SAINTS ROW IV is a direct sequel to SAINTS ROW: THE THIRD. The game is set in a fictional Washington D.C. and simulated fictional city of Steelport, five years after the end of SAINTS ROW: THE THIRD. The leader of the Third Street Saints is elected President of the United States and immediately an alien invasion occurs and the protagonist (the Player) and the Saints are kidnapped by aliens known as the Zin and their leader Zinyak. The Player is transported to a virtual version of Steelport where the Player can use super powers to fight against the Zin empire. Various ‘side missions’ are options in the game.

6. Findings on material questions of fact

The Review Board found that the computer game contains aspects or scenes of importance under various classifiable elements:

Violence
The game primarily utilises violence as the human race fights the alien invasion. The violence is frequent but stylised and unrealistic. One of a range of possible DLC weapons that can be purchased is called ‘The Rectifier’. The Rectifier is a long three pronged weapon utilised by the Player to impale any characters in the game. The Rectifier is thrust from behind (implicitly via the anus, but the area is pixelated), the victim is then raised and shot projectile-like into the sky, leaving a trail of stars. It was submitted by the producers of the game that the use of this weapon represents a parody of the tradition of alien probes of humans. In the opinion of the Review Board, there is no element of sexual violence related to the use of The Rectifier.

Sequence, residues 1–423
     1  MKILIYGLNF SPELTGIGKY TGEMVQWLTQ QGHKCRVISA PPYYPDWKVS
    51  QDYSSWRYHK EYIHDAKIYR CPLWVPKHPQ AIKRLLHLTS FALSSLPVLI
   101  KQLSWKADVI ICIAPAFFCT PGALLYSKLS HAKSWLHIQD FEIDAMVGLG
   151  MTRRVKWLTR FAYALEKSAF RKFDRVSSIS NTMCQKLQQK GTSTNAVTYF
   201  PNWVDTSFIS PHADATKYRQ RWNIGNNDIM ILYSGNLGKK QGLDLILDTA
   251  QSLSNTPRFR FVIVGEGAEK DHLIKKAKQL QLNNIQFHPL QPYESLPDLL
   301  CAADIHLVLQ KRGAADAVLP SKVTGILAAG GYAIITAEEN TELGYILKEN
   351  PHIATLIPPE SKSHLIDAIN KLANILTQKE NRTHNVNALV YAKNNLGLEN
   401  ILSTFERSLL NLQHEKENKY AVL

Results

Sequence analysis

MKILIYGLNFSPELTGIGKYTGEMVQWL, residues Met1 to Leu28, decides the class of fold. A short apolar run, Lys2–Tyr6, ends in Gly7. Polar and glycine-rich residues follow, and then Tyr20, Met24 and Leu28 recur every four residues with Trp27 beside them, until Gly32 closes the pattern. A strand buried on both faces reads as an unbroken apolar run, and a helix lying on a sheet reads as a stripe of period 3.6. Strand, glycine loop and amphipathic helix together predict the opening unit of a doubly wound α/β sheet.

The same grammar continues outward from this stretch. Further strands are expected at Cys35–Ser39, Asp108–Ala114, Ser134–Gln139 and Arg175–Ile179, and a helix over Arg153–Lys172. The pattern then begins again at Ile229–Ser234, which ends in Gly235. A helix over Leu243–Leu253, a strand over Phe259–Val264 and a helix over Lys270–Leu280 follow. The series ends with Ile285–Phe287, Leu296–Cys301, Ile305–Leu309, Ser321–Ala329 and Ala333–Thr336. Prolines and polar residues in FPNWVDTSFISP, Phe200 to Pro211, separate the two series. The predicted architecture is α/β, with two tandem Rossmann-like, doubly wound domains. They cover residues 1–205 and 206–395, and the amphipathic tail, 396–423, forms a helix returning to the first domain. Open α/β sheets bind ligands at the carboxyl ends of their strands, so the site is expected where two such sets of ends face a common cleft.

The violence in the game, though frequent, is justified by the storyline. The impact is no higher than strong and can be accommodated at the MA15+ level.

Language
The game contains frequent coarse language. The impact of the language is no higher than strong and can be accommodated at the MA15+ level.

Sex
The game contains no depictions of sexual activity. In the ‘Romance’ Option of the game there is sexual banter and brief implied sexual activity.

The impact of this element is no higher than strong and can be accommodated at the MA15+ level.

Nudity
One ‘side mission’ included in the game involves the characters becoming nude, although their genitals are permanently pixelated. There are also a number of other instances where at a distance; one can see a woman’s breasts upon a poster and magazine cover.

The impact is no higher than strong, and could be accommodated at the MA15+ level.

Drug Use